The longings they are so because of what they have of utopia and there are utopias more unattainable than not seeing them today or now. There are times, for example, when no matter how happy you are today, all of a sudden you long for lots of yesterdays. For example, when you come across a photo of rosy cheeks, of some first freckles flanking a nose on jagged smiles and you would like, how much would you want, to have them like this even for a little while. Today now. I remember once I came home from the hypermarket telling my daughter, almost shouting, before even putting away the frozen bags, that I had seen her, that I had seen her as a baby! She was in a cart looking curiously at the inaccessible row of storybooks and notebooks. Another mother who did not look like me at all was holding the cart. I discovered them by chance when I was about to pass by but that almost daughter of mine looked at me and my heart skipped a beat. I swerved my shopping cart and yes, it was her, it was her! Nothing like this had ever happened to me. I had to explain to that mother how much she reminded me of my daughter, now an adult, as I squatted down to talk to that child in the language of children. While the traveling girl Of the time she listened to me smiling without a hint of surprise, that mother was the concise kind of protocol that marked the protocol and she took off, abandoning the project of buying a book or whatever. And he did well, because if he had given me a cow I would have been able to take that girl against my chest and smell her neck, for example. I must have looked like a complete nutcase to him, and let’s not kid ourselves: he was even most likely right.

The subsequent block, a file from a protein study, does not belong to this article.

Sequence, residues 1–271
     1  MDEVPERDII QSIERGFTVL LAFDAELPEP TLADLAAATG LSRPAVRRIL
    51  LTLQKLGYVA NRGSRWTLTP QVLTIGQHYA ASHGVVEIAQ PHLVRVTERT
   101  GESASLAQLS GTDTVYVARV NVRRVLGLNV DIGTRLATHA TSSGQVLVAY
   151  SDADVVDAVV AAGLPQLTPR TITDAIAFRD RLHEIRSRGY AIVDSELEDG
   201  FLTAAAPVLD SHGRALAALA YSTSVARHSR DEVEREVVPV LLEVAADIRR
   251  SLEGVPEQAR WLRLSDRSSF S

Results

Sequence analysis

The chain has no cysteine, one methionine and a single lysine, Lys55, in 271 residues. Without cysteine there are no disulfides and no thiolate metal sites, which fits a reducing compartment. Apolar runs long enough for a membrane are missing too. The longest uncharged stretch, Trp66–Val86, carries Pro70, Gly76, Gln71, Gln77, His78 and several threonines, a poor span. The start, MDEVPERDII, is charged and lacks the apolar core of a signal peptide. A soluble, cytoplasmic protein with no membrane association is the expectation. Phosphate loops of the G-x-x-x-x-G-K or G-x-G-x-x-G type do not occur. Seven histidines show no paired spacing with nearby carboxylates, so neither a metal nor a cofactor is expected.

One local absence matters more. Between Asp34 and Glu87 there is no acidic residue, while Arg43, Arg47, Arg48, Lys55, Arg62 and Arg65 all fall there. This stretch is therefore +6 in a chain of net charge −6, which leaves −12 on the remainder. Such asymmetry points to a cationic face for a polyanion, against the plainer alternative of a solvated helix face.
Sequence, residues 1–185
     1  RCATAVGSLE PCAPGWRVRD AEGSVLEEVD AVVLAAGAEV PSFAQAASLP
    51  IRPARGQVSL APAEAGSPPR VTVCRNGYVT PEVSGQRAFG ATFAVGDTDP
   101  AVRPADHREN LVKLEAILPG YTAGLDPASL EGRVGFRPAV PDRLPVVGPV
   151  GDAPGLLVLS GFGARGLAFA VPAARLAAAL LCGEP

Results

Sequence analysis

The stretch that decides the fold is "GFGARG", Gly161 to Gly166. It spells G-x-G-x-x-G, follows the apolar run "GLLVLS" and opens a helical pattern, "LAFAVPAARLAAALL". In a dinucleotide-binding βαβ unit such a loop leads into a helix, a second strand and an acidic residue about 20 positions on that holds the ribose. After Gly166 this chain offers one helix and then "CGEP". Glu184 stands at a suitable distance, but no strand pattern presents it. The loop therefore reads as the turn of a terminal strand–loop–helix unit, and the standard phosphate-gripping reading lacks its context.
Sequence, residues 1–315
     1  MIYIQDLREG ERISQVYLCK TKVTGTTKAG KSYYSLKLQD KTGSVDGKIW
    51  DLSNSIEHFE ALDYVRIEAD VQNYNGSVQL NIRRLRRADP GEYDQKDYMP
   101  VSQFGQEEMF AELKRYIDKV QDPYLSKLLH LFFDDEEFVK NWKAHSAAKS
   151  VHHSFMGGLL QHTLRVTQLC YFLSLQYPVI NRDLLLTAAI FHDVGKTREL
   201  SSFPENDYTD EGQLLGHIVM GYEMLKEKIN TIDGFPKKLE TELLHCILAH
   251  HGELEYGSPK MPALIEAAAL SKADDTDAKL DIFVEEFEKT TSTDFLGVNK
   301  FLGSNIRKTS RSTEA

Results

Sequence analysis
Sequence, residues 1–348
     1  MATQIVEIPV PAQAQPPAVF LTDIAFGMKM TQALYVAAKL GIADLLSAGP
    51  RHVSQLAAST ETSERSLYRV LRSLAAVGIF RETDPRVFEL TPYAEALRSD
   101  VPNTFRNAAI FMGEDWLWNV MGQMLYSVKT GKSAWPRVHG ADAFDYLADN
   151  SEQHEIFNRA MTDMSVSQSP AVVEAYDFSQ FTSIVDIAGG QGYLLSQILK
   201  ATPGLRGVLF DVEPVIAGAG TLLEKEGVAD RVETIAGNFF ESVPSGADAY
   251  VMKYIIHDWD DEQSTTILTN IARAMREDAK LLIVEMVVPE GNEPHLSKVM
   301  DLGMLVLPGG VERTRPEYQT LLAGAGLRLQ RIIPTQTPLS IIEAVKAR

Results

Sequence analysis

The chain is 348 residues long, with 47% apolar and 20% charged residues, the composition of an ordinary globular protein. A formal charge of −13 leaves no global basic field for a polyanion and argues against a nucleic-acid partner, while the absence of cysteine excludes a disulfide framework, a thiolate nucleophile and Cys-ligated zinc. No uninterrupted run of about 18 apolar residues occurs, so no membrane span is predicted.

While my daughter, whom I miss, misses hers, I went back to Toni Sendic Street and I stopped to look at that balcony on the fourth floor of my grandmother’s little kitchen and they came to me, like this Suddenly, a hundred visits as a girl and the others: where I was the one to put a baby on her lap. Children with freckles dressed for Sunday with that happy certainty that great-grandmother had her hidden suggestions. And mine orange. And mine blue. They were different times. Now it was time to visit her. Before, when she was the one who came to visit us, we — now parents — were the ones to run when we saw her walk under that sun, knowing that she had sugus in her pockets. Exactly one for each. In our collective memory it is absolutely impossible to disassociate the sugus of the grandmother-great-grandmother. Oh, if the candy brand knew all that that small woman with the blue eyes did for them! And while my sharply angled eyes hung on a fourth story and I missed her, in the present tense, she remembered, perhaps, the last twenty or thirty goodbyes. He cried, because he was afraid of never seeing us again. He missed us in the future, which from Toni Sendic Street, today, now, has seemed like a beautiful way of loving us. I have taken a photo, not of a facade, what is it, but of a feeling and I have sent it to my daughter. Because I love her, above all, but also with the premeditation and treachery of this miss cumulative and multidimensional. Migratory. That encompasses times and places. And smells. And blue eyes that cry and also pineapple blue. And of balconies where all the good moments are entangled between the vines. But I have also sent it to him because, heck, if we are to cry, let us cry! Let it be a wonderful cry to remember everything we loved and were loved. And it made me think so hard! That even my grandson and his great-great-grandmother must have caught up with them, to miss, what really, really is to miss … is to look at the world and find it a little more empty, while we are so so full.
Eddie is an Australian news reporter with over 9 years in the industry and has published on Forbes and tech crunch.